Technical approach Performance of the virtual markers is evaluated by comparing the accuracy to that of the conventional markers. The projector is attached to a robot arm. A set of conventional markers is attached to the projector, while the projector shoots a grid (“checkerboard”) of virtual markers onto a surface of interest. A pose of the projector is recovered from the conventional markers. From the virtual marker grid, a set of three markers is selected to produce desired marker triangulation, and the pose is recovered. The recovered poses of the projector from conventional and virtual markers are compared with the ground truth pose extracted from the robot arm. This metric of accuracy is compared between the two types of markers.

Error metric:

Dependencies

  • Hardware
    1. MicronTracker (Optical tracker)
    2. Universal Robots robot arm and controller
    3. Robot - projector adapter (Broken and reprinted)
    4. Laptop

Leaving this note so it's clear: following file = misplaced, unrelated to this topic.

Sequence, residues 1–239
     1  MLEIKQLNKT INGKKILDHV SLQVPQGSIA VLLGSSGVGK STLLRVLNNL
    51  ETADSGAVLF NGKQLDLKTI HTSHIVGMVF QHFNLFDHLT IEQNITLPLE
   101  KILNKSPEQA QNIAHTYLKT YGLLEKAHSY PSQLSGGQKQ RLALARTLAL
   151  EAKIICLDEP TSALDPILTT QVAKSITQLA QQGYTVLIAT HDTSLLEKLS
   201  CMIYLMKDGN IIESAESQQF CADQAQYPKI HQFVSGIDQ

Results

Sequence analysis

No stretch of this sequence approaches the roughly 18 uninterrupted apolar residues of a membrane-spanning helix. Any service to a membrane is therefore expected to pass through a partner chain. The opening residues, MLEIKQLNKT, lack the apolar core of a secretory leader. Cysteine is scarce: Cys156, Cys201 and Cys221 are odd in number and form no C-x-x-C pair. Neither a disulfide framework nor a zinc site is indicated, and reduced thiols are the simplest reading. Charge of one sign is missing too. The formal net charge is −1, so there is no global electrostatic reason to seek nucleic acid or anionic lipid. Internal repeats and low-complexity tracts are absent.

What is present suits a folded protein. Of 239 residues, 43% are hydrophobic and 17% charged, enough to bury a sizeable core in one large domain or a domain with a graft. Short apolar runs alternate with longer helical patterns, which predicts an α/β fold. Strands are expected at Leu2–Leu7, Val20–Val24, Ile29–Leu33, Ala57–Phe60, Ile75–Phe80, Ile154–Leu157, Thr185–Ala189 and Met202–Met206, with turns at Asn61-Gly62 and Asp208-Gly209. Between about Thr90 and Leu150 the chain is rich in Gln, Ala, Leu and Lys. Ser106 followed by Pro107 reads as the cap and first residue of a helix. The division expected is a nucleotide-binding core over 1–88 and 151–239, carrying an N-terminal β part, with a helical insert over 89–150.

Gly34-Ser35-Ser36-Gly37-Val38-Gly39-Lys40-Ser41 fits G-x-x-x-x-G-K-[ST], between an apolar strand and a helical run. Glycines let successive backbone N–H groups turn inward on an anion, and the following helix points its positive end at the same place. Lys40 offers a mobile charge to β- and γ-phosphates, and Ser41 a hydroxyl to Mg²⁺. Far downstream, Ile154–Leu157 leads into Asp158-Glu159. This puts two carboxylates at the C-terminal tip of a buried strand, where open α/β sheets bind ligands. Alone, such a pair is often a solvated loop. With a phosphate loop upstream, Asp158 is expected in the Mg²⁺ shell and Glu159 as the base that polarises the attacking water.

• Commercial Software
    1. MicronTracker SDK
    2. Universal Robots control system
  • Internal algorithm and software
    1. Pose estimation of the projector given the coordinates of markers (Alexis)
    2. Error metric: Euclidean invariants (Alexis)
  • Other software
    1. RANSAC plane fitting: found on web. Credits: Peter Kovesi, School of Computer Science & Software Engineering, The University of Western Australia
  • Miscellaneous
    1. Access to Hackerman hall Robotorium

Milestones and Status

  1. Experimental Pipeline Setup
    • Planned Date: 03/15/2014
    • Completed Date: 03/15/2014
    • Status: Marker grid defined, correspondence assigned, stable experimental setup complete.
  2. Experimental Design - Trajectory of motion and marker types